Advantages and disadvantages of a credit union

Because credit unions don’t have to boost profits, they may provide the following unique advantages:

  • Lower fees: Credit unions often charge lower and fewer fees than traditional banks.
  • Better rates: Credit unions typically offer low interest rates on loans or credit cards. Likewise, savings accounts may have higher interest rates. 
  • Personal service: Credit unions often offer attentive service. They focus on your unique needs.

Keep in mind that credit unions aren’t without drawbacks. Consider the following limitations:

  • Membership requirements: You may have to be a member of a particular group or live in a specific region to join a credit union. 
  • Fewer online tools: Credit unions may not offer as many mobile or online tools as traditional banks. Some credit unions have online and mobile banking. Still, it’s not always as functional or comprehensive.
  • Basic financial products: You may not be able to find a specialized financial tool at a credit union. They’re better suited for basic banking and saving needs.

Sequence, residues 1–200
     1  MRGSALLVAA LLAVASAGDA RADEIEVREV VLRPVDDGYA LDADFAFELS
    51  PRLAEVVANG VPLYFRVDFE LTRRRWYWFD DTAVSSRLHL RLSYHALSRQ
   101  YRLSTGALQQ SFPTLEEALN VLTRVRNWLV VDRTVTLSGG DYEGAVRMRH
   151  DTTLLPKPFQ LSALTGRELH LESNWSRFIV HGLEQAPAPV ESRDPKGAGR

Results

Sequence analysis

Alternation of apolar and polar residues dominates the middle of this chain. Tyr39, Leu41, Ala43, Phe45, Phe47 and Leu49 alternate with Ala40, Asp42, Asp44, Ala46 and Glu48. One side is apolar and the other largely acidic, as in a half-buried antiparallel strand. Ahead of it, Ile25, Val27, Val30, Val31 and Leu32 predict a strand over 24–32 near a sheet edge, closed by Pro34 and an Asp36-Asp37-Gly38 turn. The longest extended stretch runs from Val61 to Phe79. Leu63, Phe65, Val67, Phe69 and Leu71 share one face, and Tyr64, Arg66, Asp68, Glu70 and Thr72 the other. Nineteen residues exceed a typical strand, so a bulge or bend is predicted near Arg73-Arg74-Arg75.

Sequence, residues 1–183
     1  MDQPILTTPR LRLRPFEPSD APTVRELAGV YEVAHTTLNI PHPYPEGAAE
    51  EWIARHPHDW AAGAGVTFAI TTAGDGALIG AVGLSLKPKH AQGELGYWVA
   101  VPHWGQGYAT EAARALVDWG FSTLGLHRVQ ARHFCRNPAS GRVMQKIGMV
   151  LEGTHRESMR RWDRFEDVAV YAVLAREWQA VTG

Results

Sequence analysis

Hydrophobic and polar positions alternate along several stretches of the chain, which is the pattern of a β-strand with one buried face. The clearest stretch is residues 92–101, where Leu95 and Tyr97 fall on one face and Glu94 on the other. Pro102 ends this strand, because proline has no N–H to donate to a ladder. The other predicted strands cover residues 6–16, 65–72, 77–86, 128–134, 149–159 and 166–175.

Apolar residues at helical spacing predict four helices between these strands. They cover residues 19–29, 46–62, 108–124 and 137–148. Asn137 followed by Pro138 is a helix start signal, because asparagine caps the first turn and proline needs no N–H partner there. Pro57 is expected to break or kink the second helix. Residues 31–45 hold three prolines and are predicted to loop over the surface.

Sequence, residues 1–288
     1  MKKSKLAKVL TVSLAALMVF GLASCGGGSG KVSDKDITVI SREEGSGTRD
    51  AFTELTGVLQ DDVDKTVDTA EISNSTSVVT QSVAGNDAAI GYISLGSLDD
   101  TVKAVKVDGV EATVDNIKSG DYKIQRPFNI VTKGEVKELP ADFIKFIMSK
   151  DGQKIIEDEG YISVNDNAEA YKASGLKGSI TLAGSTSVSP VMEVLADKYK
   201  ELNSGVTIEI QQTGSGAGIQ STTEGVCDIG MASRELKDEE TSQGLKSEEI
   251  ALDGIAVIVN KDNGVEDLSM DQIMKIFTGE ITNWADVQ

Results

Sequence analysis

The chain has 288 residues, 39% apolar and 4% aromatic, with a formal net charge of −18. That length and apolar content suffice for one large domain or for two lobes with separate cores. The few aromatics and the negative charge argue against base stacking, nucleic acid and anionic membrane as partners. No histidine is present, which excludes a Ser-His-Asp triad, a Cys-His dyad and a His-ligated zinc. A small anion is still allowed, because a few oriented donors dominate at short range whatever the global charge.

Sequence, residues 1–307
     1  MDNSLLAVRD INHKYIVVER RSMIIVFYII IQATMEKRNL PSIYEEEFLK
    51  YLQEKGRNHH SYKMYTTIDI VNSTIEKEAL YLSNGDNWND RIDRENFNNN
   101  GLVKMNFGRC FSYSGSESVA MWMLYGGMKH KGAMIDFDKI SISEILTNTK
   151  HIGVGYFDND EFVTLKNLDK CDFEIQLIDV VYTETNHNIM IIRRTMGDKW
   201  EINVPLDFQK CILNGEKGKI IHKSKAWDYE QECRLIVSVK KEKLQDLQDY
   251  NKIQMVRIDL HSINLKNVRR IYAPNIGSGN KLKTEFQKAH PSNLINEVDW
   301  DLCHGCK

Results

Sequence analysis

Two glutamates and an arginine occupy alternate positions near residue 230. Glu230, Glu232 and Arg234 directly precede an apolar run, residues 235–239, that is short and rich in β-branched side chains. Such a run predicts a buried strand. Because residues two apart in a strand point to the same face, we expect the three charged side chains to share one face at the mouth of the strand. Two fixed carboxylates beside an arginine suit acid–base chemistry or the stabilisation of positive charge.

What is a bank?

A bank is a financial institution offering products and services, like personal loans, mortgages, savings accounts, credit cards, and more. Banks, unlike credit unions, are for-profit businesses. They pay taxes and aspire to make a profit each year.

The people who use a traditional bank don’t own it. Instead, most major banks are publicly traded. That means stakeholders, like investors, have ownership in the bank. Banks may also have private owners. Stakeholders and private owners benefit when a bank profits. Customers’ interest charges and fees go toward a traditional bank’s revenue, so they may be higher compared to credit unions. However, some online banks still offer competitive rates on loans and savings accounts.

The Federal Deposit Insurance Corporation (FDIC) insures deposits at traditional banks. Like the NCUA, the FDIC covers $250,000 per person, per account category, per bank. If your bank fails, your money should remain secure.

Advantages and disadvantages of a bank

The scale and resources of many traditional banks come with the following advantages: